Other tax rules on corporate finance: securitisation: periods beginning on or after 1 January 2007: the regulations: the note-issuing company: ‘independent persons’
‘Independent persons’ takes its meaning from FA05/S83 (8) and (9) and means persons not connected with the company (excluding participators who are loan creditors). ‘Wholly or mainly’ takes its normal meaning as more than 50% by value of the securities in question. The value of the securities will normally be determined for this purpose by reference to the carrying value of the related liabilities in the accounts of the issuer, measured in accordance with generally accepted accounting practice as defined in CTA10/S1127.
The independent persons test can be taken as applying by reference to all securities that are issued as part of a single capital market arrangement, rather than to each individual bond or class of bonds. If a number of different capital market instruments are issued within a reasonable period of one another (normally 20 days), in substance as part of a single issuance, it will be accepted that the independent persons test is to be applied to all such capital market investments in aggregate.
The ‘independent persons’ test will not be failed where the issue is made ultimately to independent persons, even though a non-independent person may act as an intermediary, provided the non-independent person had (whether contractually or purely as a commercial matter) no freedom to retain the notes in question, or where the intermediary is acting as an underwriter in the normal course of its business. For example, the notes may initially be subscribed for by the lead manager and then on-sold, in circumstances where the lead manager is connected with the issuer. Or due to market conditions, or particularly complex transactions or arrangements, there may be a subscription by a company in the same group as the issuer, with the intention of transferring the bonds to independent investors as soon as market conditions allow.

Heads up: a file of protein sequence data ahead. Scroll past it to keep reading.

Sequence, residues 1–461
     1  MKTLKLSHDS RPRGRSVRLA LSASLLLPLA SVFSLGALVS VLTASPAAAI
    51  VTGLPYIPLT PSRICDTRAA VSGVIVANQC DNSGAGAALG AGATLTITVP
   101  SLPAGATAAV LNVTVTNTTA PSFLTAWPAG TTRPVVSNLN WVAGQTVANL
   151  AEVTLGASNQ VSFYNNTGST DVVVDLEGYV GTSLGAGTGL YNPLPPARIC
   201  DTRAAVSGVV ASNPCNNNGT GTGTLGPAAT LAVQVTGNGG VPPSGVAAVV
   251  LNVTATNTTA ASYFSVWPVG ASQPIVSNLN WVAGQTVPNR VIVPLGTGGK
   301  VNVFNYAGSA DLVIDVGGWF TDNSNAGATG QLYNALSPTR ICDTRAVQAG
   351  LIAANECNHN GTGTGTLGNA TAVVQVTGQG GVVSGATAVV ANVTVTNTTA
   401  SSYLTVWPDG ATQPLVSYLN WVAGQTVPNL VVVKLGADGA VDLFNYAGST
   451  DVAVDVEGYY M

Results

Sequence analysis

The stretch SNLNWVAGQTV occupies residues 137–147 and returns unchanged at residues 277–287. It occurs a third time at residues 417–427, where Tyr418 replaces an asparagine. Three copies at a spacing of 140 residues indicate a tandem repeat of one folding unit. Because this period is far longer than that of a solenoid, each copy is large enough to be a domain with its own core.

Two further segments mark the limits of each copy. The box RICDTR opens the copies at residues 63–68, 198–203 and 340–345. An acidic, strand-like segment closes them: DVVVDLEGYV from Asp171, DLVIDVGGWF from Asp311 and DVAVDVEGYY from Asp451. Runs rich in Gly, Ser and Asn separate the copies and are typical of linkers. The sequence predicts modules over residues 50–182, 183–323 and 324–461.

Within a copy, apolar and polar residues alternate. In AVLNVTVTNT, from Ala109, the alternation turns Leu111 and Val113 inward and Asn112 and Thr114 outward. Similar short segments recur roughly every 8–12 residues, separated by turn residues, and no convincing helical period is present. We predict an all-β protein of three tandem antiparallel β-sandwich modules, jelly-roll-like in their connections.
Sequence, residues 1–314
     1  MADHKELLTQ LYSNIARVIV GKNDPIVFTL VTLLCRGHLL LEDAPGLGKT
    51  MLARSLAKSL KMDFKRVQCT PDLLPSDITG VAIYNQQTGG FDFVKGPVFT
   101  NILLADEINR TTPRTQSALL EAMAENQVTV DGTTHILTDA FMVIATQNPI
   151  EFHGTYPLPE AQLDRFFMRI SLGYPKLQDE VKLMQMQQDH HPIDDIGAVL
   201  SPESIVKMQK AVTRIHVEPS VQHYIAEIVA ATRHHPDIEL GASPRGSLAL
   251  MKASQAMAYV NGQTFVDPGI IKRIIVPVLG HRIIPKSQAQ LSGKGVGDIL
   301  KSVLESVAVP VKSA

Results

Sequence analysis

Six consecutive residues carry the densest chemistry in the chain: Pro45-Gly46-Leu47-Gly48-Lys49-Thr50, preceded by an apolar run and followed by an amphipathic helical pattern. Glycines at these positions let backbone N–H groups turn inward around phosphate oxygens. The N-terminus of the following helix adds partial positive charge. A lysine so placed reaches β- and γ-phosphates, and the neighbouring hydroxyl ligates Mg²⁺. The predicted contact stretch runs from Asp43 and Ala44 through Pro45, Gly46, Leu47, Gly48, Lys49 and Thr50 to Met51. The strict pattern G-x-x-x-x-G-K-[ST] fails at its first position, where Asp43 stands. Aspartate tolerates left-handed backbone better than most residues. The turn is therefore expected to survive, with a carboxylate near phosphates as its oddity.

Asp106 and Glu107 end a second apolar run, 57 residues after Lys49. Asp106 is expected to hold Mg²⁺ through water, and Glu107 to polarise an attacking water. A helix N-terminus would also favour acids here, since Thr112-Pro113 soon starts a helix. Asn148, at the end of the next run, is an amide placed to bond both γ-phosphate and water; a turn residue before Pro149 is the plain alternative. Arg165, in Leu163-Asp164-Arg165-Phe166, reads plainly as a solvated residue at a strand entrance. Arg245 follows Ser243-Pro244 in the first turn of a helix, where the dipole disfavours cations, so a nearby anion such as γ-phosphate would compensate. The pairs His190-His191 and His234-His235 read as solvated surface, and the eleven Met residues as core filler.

In some cases, part of an issuance of bonds is purchased on issue by a trustee (either directly or via an underwriter) who acquires the bonds to hold them as nominee for the issuer. The arrangement is designed to enable the issuer to instruct the nominee to sell bonds from time to time to third party purchasers and account to the issuer for the proceeds. Bonds held by a nominee under this type of arrangement are commonly called ‘treasury notes’.
This is not comparable to cases where there is an issuance of bonds in instalments, as part of a single funding transaction. Rather, the purpose of ‘treasury note’ arrangements is normally to put in place a framework to allow the treasury notes to be (in effect) ‘issued’ to third parties over an extended period, without any future sale of the notes being specifically agreed at the outset. Where this is the case, for the purposes of the ‘independent persons’ test:
- the treasury notes will not be treated as being ‘issued’ at the point where they are initially acquired by the trustee for the issuer (whether directly or via an underwriter)
- on each occasion when any treasury notes are subsequently sold by the trustee to third parties on the instructions of the issuer, the notes in question will be treated as being ‘issued’ to the third party purchasers at that stage.